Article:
Supermarine Spitfire Mk. V, RCAF (Serial No. X4492), in flight, 26 Feb 1944.

 (Library and Archives Canada Photo, MIKAN No. 3523323)

Supermarine Spitfire Mk. V, RCAF (Serial No. X4492), in flight, 26 Feb 1944.

 (Library and Archives Canada Photo, MIKAN No. 3583158)

Supermarine Spitfire Mk. V, RCAF (Serial No. X4492), 26 Feb 1944.

 (RCAF Photo)

Supermarine Spitfire Mk. V, RCAF (Serial No. X4555), Rockcliffe, Ontario, ca 1943.

  (J. Griffin Photo)

Supermarine Spitfire Mk. VIII, RCAF (Serial No. JG480), 18 SFTS, Gimli, Manitoba, 1944.

 (Glen Carruthers Photo)

Supermarine Spitfire Mk. XVIe, RCAF (Serial No. TE214), on loan from the Canada Aviation and Space Museum to the Canadian Warplane Heritage Museum, Mount Hope, Ontario.

 (RCAF Photo)

Supermarine Spitfire FR Mk. XIVe, RCAF (Serial No. TZ138), 1948.

 (SDASM Photos)

Supermarine Spitfire FR Mk. XIVe, RCAF (Serial No. TZ138), CF-GMZ, Racer No. 80, 1949.   This aircraft placed 4th in the 1949 Tinnerman Air Races in the USA with a top speed of 359.565mph. 

Supermarine Spitfire PR Mk. XIX, RCAF (Serial No. PM627), coded YO-X, Toronto, alongside HMCS Haida, ca 1972, now in Sweden.

 (Alan Wilson Photo)

Supermarine Spitfire PR Mk. XIX, RCAF (Serial No. PM627), Flyvapenmuseum, Sweden.

Supermarine Spitfires flown by the RCAF overseas were on loan from the RAF.  RCAF Sqns that flew Spitfires included Nos. 401, 402, 403, 411, 412, 414, 416, 417, 421, 430, 441, 442 and 443 Squadrons, and No. 13 Squadron from 1944-1946.

 (DND Archives Photo, RE-20633-7)

Supermarine Spitfire F Mk. XIV (Serial No. WB151, Dec 1943.  

 (Library and Archives Canada Photo, MIKAN No. 5010706)

Supermarine Spitfire Mk. II, RAF (Serial No. P7923), coded DB-R, RCAF No. 411 Squadron.

 (RAF Photo)

Supermarine Spitfire Mk. V, RAF, with clipped wings.

 (IWM Photo, CH 2929)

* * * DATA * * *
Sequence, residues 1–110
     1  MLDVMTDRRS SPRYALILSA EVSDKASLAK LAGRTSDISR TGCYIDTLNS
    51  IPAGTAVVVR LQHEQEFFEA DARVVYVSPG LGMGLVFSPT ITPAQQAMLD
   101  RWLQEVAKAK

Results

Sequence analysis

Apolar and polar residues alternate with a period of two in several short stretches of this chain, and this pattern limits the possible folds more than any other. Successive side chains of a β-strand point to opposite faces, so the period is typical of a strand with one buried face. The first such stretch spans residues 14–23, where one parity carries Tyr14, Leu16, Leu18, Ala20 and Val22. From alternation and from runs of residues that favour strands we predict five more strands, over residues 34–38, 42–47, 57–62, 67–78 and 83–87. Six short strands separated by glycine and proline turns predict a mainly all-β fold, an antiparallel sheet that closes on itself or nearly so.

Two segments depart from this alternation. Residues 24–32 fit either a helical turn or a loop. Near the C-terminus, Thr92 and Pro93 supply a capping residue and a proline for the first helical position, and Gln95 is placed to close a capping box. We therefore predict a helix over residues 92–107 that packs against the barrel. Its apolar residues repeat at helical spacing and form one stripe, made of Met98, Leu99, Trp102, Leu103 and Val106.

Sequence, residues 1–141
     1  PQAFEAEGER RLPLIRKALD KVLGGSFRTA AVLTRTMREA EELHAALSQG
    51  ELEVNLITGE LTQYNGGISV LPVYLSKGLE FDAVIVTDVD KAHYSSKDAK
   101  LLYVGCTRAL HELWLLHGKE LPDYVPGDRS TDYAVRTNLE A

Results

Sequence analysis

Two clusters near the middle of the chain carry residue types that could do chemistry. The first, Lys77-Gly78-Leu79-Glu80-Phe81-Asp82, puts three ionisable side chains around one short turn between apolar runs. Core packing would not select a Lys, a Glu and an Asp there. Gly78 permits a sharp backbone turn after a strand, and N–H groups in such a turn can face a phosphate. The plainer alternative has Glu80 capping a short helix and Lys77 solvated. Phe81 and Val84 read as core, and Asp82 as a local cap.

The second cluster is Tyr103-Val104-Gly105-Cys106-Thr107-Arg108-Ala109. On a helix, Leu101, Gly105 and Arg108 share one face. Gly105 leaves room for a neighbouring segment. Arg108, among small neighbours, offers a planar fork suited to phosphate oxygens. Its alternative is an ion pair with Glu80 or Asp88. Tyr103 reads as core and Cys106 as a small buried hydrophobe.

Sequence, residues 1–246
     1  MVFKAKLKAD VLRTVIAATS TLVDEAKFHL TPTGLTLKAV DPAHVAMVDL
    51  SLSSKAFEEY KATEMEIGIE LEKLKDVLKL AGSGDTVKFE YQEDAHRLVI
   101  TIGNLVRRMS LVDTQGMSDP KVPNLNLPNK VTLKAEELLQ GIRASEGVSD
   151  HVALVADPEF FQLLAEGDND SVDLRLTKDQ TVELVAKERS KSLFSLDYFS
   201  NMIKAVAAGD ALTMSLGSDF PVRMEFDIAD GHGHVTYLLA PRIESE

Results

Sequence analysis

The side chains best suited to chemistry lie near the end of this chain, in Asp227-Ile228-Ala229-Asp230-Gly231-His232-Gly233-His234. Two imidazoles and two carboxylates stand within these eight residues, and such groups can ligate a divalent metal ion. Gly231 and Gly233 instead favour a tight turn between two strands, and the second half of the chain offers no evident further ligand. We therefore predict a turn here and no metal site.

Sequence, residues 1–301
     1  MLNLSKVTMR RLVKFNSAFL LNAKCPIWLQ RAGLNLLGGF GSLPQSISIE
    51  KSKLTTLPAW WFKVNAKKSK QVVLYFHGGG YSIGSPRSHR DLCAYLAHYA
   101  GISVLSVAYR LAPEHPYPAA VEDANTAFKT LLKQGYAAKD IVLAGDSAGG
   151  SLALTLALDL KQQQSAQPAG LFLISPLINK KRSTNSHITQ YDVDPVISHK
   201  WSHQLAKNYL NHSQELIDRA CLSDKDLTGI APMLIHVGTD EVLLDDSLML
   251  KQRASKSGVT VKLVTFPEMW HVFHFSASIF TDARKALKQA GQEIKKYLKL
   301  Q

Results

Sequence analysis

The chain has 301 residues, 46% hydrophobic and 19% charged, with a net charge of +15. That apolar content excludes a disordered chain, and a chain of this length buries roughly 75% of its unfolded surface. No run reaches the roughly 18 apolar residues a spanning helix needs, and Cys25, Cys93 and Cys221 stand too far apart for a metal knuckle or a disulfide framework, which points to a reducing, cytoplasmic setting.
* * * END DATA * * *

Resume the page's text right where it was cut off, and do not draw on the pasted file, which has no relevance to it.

Supermarine Spitfire Mk Vb, RAF (Serial No. R6923), No. 92 Squadron, 19 May 1941.

(RCAF Photo via Francois Dutil)

Supermarine Spitfire Mk. VB (Serial No. AD234), coded YO-X, flown by P/O Hugh Godefroy, 401 Sqn, Oct 1941.

 (Library and Archives Canada Photo, MIKAN No. 4997399)

Supermarine Spitfire Mk. VB, coded YO-R, No. 401 Squadron, RCAF, over Kent, England in 1942.

 (RAF Photo)

Supermarine Spitfire Mk. VB (Serial No. W3834), coded YO-Q, No. 401 Squadron, RCAF, in England ca 1942.

  (IWM Photo, TR865)

Supermarine Spitfire Mk Vbs of No. 417 Squadron, RCAF, flying in loose formation over the Tunisian desert on a bomber escort operation, April 1943.

 (Library and Archives Canada Photo, PA-136915)

Supermarine Spitfire Mk. IXE pair, No. 412 (Falcon) Squadron, RCAF, ca. 1944.

 (IWM Photo CL 1718)

Supermarine Spitfire PR Mk. XI (Serial No. PL883), of No. 400 Squadron, RCAF taxiing through a flooded area at B78, Eindhoven, the Netherlands, ca Dec 1944.

 (IWM Photo, CL186)

Supermarine Spitfire Mk. IX of No 403 Squadron, RCAF, being serviced by an RAF Repair and Salvage Unit working to repair damage to the aircraft at a forward airstrip in Normandy, 19 June 1944.   The propellor blades are wooden.  It would appear that the repair team is trying to lift and move the wing backwards to straighten it out.  A few of the men are pushing on the cannon while those behind are watching the wing root area.

(IWM Photo)

Supermarine Spitfire Mk. IX, MJ275, VZ-J & MJ452, VZ-L, 412 Sqn, RCAF with 250-lb bombs, Heesch, Netherlands. 

(IWM Photo, CL1451)

Supermarine Spitfire Mk. IXE, coded VZ-H, RCAF No. 412 Sqn, carrying three 250-lb bombs, assisted by a groundcrewman on the wing to stear around potholes in the runway, Vokel, Netherlands, 19 Oct 1944.

(IWM Photo)

Supermarine Spitfire Mk. IXE (Serial No. MJ255), coded VZ-S, RCAF No. 412 Sqn, Tilly-sur-Seulles, Normandy, crashed on 11 June 1944, photo taken on 17 June 1944. 

 (RAF Photo)

Supermarine Spitfire Mk. IX, RAF.

 (Libary and Archives Canada Photo, MIKAN No. 3941007)

Supermarine Spitfire Mk. IX, (Serial No. MJ832), coded DN-T, No. 416 (City of Oshawa) Sqn, RCAF.  This aircraft was damaged by flak in the Flenville area of France on 8 May 1944, but was repaired.  While flying this Spitfire, J22989 Squadron Leader Sten T. Lundberg was shot down by flak on 21 May 1944, while attacking a train in the Cayeux-Berck area.  This was during Ramrod 905. He became a POW at Luft Stalag III.  His Kriegsgefangenen Nummer (POW Number) was 5838.  Luft Stalag III was the camp made famous by the 'Great Escape'.  On his return home, he was a pioneer in early helicopter aviation in Canada.  The remains of his Spitfire were apparently collected but later abandoned by the Luftwaffe at Vught, Holland, 11 Nov 1944.

(RCAF Photo)

(RCAF Photo)

Supermarine Spitfire L.F. Mk. IX (Serial No. NH188), coded AU-H, in flight, now with the CA&SM.

 (Author Photo)

 (Author Photo)

 (Author Photo)

 (Author Photo)